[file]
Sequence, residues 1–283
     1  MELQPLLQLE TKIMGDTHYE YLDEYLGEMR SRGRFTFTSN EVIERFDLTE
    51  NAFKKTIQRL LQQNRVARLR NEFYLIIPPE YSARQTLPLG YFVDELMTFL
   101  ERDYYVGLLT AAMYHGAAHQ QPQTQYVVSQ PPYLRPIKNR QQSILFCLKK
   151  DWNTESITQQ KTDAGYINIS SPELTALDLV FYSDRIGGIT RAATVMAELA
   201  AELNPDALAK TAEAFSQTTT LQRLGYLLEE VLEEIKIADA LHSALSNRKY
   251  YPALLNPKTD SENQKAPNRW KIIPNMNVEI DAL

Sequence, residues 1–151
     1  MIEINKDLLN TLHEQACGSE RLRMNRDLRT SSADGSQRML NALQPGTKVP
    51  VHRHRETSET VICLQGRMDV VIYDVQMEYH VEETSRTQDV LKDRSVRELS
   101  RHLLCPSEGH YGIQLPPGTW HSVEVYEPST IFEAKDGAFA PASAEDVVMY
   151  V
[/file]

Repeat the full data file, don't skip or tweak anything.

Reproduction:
Sequence, residues 1–283
     1  MELQPLLQLE TKIMGDTHYE YLDEYLGEMR SRGRFTFTSN EVIERFDLTE
    51  NAFKKTIQRL LQQNRVARLR NEFYLIIPPE YSARQTLPLG YFVDELMTFL
   101  ERDYYVGLLT AAMYHGAAHQ QPQTQYVVSQ PPYLRPIKNR QQSILFCLKK
   151  DWNTESITQQ KTDAGYINIS SPELTALDLV FYSDRIGGIT RAATVMAELA
   201  AELNPDALAK TAEAFSQTTT LQRLGYLLEE VLEEIKIADA LHSALSNRKY
   251  YPALLNPKTD SENQKAPNRW KIIPNMNVEI DAL

Sequence, residues 1–151
     1  MIEINKDLLN TLHEQACGSE RLRMNRDLRT SSADGSQRML NALQPGTKVP
    51  VHRHRETSET VICLQGRMDV VIYDVQMEYH VEETSRTQDV LKDRSVRELS
   101  RHLLCPSEGH YGIQLPPGTW HSVEVYEPST IFEAKDGAFA PASAEDVVMY
   151  V